Judaism: Torah Lights on the Parsha: Hitting the Rock
One of the most important aspects of Jewish life which characterizes our generation is the empowerment of women, in political, social and even religious spheres. Many years ago, in a lengthy private meeting (yehidut), the revered Lubavitcher Rebbe told me that the greatest challenge facing Orthodox Jewry was the position of women in society – and our halakhic response to what was then a newly-found acceptance of female “equality” within Western culture.
The question remains whether women’s greater involvement in Torah learning and teaching will produce a different dimension, or at least a different emphasis, to the quality of Torah which is emerging. I believe the answer to this query may be found in this week’s portion of Hukkat.
I would like to begin this commentary with a different but connected issue in our portion: the sin and punishment of Moses. The children of Israel arrive at the wilderness of Zin, settle in Kadesh, Miriam dies and the people complain bitterly over the lack of water (Numbers 20:1, 2). Rashi immediately notes the connection: so long as Miriam was alive, a special well accompanied the Israelites on their journey. With her death, the well – and its water – was sorely missed. God instructs Moses to “take the staff... and speak to the rock.”
The staff could symbolize Moses’s brand of leadership, it may even have been the staff he used earlier to smite the Egyptian taskmaster. The rock may symbolize the Jewish people, a stiff-necked nation, hard and stubborn as a rock, quick to kvetch and ripe for rebellion (so explains Rabbenu Tzadok in his Pri Tzadik commentary).
Moses, however, strikes the rock, as God had bidden him to do in similar circumstances a year before (Exodus 17:1-7). In this instance, however, he is excluded from entering the Land of Israel because he strikes the rock rather than speaking to it (Numbers 20:7-13). Why the distinction, and why such a harsh punishment? The use of a rod, or a scepter, implies regal authority, domination and control. By the time of the Exodus from Egypt, the Israelites had suffered 210 years of subjugation at the hands of Pharaoh, a totalitarian tyrant.
What they required was a benevolent and ethical but strong leader. After so many years of slavery, a lack of leadership would send them into the kind of panic which had pushed them into the orgies of the golden calf. Hence, just following the splitting of the Red Sea, God instructs Moses to use his leadership staff and strike the rock.
Now, however, after a full year of freedom, God would have expected Moses to have rejected the power of the staff to gain the obedience of the Israelites and to have utilized instead the persuasiveness of the word to win their fealty and faithfulness. Hence God instructs Moses to speak to the rock – the stubborn Israelites – rather than to strike it.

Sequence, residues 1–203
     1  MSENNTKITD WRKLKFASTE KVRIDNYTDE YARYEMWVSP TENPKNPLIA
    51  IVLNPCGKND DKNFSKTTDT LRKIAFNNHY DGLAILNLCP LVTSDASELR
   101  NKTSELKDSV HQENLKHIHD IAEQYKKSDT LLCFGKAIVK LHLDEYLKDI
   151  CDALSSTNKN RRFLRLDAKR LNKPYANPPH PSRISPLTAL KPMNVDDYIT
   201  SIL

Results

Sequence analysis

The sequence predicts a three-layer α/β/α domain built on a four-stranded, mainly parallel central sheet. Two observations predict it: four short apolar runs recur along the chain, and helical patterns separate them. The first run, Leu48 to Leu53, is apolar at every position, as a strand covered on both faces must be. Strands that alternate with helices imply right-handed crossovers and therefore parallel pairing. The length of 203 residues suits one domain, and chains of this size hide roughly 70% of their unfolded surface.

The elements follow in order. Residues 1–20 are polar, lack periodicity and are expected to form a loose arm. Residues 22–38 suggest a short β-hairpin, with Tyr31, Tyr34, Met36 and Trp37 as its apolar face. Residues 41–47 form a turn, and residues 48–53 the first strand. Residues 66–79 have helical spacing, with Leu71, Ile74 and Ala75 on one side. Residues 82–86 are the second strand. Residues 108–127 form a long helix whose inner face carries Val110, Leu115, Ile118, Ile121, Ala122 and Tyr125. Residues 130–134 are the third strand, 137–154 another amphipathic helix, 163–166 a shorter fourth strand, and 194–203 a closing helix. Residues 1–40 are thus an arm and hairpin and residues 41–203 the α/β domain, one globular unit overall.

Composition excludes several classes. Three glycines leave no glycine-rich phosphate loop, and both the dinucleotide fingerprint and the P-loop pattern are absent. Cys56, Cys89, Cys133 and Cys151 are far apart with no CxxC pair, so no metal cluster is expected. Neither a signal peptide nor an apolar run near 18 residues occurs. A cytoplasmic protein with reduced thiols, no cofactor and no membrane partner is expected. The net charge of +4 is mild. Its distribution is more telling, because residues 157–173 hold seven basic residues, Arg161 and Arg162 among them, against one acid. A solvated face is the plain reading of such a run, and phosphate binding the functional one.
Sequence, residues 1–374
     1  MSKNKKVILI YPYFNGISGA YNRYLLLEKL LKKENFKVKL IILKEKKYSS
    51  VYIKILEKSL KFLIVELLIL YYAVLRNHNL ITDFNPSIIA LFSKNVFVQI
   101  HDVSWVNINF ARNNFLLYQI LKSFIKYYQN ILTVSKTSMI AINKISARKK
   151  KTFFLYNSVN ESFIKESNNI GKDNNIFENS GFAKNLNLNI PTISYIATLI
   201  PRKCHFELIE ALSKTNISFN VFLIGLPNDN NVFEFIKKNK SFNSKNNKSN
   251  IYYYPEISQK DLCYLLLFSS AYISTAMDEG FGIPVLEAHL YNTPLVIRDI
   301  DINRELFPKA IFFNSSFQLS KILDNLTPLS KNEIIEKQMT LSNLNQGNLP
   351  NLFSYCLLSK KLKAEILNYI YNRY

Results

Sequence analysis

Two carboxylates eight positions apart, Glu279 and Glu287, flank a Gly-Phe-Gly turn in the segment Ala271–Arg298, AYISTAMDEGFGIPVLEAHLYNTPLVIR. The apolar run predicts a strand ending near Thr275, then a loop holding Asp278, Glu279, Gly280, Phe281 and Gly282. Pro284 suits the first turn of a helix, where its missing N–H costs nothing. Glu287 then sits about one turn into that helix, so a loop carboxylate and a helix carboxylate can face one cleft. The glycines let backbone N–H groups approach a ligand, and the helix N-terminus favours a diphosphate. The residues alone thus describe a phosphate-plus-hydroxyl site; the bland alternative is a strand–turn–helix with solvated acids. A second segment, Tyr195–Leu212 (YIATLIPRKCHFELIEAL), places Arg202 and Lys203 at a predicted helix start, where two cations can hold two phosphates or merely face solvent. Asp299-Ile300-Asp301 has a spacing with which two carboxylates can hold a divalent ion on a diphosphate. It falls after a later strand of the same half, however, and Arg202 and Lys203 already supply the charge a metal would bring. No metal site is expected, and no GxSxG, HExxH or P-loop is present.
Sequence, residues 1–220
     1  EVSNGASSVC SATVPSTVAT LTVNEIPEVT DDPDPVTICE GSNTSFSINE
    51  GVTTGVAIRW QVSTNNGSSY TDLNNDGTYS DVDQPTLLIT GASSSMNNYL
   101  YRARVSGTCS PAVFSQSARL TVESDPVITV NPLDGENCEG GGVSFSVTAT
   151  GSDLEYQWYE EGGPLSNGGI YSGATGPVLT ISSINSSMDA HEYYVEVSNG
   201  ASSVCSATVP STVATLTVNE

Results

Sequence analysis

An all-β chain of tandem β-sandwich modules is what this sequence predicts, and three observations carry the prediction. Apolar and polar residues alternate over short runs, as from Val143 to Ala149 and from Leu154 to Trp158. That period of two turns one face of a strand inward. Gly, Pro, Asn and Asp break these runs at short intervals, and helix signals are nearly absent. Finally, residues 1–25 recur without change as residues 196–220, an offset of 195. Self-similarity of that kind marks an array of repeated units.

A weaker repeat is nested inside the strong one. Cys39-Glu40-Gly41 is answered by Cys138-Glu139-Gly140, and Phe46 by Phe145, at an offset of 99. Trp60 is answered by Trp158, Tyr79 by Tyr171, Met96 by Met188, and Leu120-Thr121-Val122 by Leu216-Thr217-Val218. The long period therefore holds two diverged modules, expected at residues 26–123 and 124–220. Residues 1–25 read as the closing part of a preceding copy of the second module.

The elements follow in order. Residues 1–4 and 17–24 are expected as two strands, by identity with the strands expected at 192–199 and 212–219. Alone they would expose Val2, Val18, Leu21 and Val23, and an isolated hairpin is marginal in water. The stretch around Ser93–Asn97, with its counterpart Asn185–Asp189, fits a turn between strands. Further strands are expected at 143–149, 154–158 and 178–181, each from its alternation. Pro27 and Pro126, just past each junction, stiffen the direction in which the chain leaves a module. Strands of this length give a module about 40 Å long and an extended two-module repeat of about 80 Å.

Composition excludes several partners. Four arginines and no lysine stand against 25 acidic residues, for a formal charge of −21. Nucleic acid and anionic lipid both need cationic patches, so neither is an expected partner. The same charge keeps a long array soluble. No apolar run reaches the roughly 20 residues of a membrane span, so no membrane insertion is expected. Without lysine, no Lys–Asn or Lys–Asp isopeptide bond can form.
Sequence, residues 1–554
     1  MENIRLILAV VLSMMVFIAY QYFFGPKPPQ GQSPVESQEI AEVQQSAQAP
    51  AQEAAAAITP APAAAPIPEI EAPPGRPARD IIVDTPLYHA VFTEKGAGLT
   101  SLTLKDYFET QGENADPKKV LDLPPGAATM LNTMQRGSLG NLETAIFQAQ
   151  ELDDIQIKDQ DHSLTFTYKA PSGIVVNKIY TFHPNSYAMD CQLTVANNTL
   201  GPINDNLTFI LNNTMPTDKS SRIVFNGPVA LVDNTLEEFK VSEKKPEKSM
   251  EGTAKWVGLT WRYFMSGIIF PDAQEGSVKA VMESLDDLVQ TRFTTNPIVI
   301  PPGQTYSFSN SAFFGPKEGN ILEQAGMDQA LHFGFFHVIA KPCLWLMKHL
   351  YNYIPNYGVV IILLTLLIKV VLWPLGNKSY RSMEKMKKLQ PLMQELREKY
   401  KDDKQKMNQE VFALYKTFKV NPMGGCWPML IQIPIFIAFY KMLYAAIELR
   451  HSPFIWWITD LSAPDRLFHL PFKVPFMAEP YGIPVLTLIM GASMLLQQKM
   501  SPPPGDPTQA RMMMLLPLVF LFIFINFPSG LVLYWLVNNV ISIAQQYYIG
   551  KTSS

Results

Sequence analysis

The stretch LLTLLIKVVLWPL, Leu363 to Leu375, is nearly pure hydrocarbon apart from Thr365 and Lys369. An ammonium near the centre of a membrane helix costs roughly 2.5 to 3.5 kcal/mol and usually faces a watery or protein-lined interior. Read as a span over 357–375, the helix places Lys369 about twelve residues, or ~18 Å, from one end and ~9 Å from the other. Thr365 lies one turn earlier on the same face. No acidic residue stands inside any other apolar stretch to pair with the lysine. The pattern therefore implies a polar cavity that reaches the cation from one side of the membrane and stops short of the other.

Moreover, Moses has by now received the second Tablets, which included the Oral Law (Exodus 34: 28), the hermeneutic principles which empowered the people to become God’s partners in interpreting His words in every generation. Speech invites dialogue. God wants Moses to realize that as the Israelites matured, they required a different brand of leadership. Instead of the scepter of authority and control, they required the speech of the Oral Law. Then, the Torah, which is always compared to water, will come forth from them, from that very stubborn “rock” of a nation.
After all, it’s that same stubbornness which energizes commitment, enduring commitment, even unto death, the commitment of the Israelites to the Torah in which they have become invested by means of the Oral Law.
This incident of Moses’s sin and punishment is sandwiched between Miriam’s death and an account of a well this Yonatan Ben-Uziel identifies as the return of the well of Miriam: “And from there [the Israelites traveled] to the well; this is the well regarding which the Lord said to Moses, ‘Gather the nation and I shall give them water.’ Then all of Israel sang this song; concerning the well, they sang to it” (Numbers 21:16, 17).
I believe the Bible is here presenting an alternative to Moses’s brand of “scepter” or “striking” leadership; it is Miriam’s brand of “singing” leadership. Words enter the mind of the other and hopefully lead to dialogue and debates; songs enter the heart and soul, leading to spirited and spiritual uplifting.
The Torah, the Oral Law which includes input from Israel, is referred to as a book, but also as a “song” (Deuteronomy 31:19). A book educates the mind; a song inspires the heart. A book speaks to individuals; a song moves the masses.
We met Miriam before at the splitting of the Red Sea.
After Moses sang his song to God and the Israelites repeated his words (Exodus 15:1), Miriam took a drum and inspired the other women to also take drums and initiate dancing (ibid 20). Moreover, Miriam rouses them all to sing together.
As the Lubavitcher Rebbe explains the prophetic verse, “Then [in the Messianic Age] there shall be heard... the sound of the groom and the sound of the bride.” The sound of the bride (the woman) shall be the sound of Torah, but it will be different from the men’s Torah; it will be a Torah of song, a Torah of heart, and of a Torah which includes everyone.